When Good Non-Recourse Loans Go Bad

More than $5 trillion of commercial real estate-related debt is scheduled to mature by the end of 2024.  Significant demand to refinance debt over the next fourteen months will occur regardless of economic conditions.

But current and anticipated economic conditions for commercial real estate owners are not promising. Finding affordable refinancing opportunities will grow increasingly difficult.  Making matters worse, lenders remain disinterested in taking action to possess the underlying collateral.

Prudent attorneys are advising clients to start thinking about how their non-recourse loans and guaranties may create future liability.

The first concept is simple: be particularly judicious to avoid the appearance of doing something that could be considered particularly bad. “Bad boy” provisions pierce non-recourse protection.   “Bad boy” acts include felonious, fraudulent, tortious, or acts that jeopardize repayment of a loan caused by a failure to use reasonable business judgment.  Prime examples include failure to pay taxes, causing liens to be filed on property, and embezzlement.  These carve-outs often limit recovery to the actual losses incurred by the lender; however, certain guaranties create full-loan liability where the “bad boy” acts are particularly egregious acts.

Likewise, borrowers and guarantors need to understand what their obligations might be.  When there is a specific maximum amount of money expressly stated in the documents, then the review is a five-minute affair.  However, this need not be the case.  For example, certain loan documents contain “deficiency guaranties” that permit the lender to seek additional compensation from the borrower’s personal assets if the collateral’s value does not cover the full loan amount upon default.  Other loan documents may permit a lender to seize bank accounts at other financial institutions that clients may not recall pledging.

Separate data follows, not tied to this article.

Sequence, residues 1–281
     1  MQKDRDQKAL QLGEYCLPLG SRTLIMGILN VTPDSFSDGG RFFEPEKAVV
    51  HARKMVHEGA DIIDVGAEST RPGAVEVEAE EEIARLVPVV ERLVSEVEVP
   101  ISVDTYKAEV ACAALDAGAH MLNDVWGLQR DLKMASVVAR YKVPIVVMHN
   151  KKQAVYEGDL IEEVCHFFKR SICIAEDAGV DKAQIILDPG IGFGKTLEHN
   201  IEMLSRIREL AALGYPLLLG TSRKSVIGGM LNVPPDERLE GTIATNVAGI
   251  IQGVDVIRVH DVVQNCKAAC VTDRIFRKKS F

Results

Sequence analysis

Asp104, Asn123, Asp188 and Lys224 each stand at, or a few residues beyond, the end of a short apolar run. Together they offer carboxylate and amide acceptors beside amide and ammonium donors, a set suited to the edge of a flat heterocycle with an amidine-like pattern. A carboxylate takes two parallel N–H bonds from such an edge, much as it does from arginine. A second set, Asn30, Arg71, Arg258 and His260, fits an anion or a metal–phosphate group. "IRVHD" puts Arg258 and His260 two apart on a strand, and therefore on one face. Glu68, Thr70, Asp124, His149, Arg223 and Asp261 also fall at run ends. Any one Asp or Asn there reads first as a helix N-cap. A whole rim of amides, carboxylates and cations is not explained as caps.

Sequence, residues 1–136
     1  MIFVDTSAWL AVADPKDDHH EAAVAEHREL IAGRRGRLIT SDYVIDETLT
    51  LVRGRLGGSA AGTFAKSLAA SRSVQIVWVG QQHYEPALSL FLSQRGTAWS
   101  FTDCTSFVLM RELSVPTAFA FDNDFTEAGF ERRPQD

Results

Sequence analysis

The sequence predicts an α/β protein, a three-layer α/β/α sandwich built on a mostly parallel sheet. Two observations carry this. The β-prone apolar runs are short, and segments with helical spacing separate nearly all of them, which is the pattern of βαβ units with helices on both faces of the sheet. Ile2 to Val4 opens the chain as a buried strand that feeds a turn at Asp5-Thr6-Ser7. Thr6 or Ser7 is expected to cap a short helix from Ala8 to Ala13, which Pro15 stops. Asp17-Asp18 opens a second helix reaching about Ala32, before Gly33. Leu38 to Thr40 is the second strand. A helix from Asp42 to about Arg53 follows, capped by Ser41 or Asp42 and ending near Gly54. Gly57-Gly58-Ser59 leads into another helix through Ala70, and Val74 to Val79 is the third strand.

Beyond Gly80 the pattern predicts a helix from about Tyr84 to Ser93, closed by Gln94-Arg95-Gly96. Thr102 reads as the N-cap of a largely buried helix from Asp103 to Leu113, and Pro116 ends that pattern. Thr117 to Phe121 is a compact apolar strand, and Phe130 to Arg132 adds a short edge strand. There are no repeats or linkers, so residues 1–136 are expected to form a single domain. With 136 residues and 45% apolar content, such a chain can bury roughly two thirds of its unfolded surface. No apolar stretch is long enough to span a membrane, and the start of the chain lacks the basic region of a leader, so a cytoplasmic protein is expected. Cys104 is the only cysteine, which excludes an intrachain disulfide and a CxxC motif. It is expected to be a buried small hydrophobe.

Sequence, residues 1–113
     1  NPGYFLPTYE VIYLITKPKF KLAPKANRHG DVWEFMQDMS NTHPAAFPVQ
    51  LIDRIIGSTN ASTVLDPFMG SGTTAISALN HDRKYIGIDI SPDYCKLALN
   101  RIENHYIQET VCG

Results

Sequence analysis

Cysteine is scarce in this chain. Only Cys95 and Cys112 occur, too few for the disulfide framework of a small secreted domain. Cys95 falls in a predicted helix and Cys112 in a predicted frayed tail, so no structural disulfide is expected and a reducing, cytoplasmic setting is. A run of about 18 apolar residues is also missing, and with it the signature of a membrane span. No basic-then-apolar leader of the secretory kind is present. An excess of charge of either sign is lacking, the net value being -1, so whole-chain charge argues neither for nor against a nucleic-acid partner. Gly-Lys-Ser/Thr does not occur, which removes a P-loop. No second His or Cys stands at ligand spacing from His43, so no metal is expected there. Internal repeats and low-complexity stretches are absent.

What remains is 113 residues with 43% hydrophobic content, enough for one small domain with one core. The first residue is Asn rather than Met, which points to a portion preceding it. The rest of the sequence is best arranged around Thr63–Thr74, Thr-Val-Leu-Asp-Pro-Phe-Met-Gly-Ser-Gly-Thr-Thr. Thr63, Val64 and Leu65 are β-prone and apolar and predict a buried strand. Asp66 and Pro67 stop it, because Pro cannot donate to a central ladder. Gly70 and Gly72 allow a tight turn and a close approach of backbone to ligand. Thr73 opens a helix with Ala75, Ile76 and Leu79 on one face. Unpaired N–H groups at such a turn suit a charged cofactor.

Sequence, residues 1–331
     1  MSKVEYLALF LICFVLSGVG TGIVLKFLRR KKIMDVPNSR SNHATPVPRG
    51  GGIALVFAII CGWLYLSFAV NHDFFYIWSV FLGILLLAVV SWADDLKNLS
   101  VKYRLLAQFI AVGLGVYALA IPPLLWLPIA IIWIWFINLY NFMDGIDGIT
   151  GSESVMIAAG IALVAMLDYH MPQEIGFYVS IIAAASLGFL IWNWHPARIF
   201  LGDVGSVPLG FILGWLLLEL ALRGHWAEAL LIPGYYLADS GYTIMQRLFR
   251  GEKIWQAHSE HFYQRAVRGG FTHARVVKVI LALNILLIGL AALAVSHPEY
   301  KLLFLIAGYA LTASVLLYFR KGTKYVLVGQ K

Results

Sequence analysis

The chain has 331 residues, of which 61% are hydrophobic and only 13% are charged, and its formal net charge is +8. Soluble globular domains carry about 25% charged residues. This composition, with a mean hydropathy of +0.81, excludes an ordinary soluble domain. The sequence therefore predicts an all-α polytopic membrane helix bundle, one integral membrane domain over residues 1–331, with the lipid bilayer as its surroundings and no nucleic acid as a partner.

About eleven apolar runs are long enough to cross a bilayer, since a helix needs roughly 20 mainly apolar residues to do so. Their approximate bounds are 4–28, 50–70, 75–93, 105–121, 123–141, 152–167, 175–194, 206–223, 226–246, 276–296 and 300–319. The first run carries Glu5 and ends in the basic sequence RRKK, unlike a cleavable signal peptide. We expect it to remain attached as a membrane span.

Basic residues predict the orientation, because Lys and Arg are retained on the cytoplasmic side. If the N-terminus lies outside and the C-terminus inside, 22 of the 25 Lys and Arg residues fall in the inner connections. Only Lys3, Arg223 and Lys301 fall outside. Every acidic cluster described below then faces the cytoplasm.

Of course, in the course of negotiating loan documents, the parties may have agreed to language specific to that particular transaction.  Often times, there are inadvertent typos, additional terms, or failures to delete language in final drafts that may work to your advantage or disadvantage.  Everyone makes mistakes.  But any such mistake should not be compounded by not reviewing one’s loan documents as loan terms approach expiration.  Review by a fresh set of eyes that have never seen the loan documents is a common sense approach.

If I had to give advice it would be to follow the Boy Scouts motto: be prepared.

David Seidman is the principal and founder of Seidman Law Group, LLC.  He serves as outside general counsel for companies, which requires him to consider a diverse range of corporate, dispute resolution and avoidance, contract drafting and negotiation, and other issues. He can be reached at david@seidmanlawgroup.com or 312-399-7390.

This blog post is not legal advice.  Please consult an experienced attorney to assist with your legal issues.


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